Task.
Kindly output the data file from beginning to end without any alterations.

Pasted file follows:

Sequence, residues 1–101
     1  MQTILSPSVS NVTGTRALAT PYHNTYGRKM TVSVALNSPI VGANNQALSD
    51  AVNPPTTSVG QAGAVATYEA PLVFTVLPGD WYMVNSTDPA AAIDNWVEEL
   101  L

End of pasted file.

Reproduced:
Sequence, residues 1–101
     1  MQTILSPSVS NVTGTRALAT PYHNTYGRKM TVSVALNSPI VGANNQALSD
    51  AVNPPTTSVG QAGAVATYEA PLVFTVLPGD WYMVNSTDPA AAIDNWVEEL
   101  L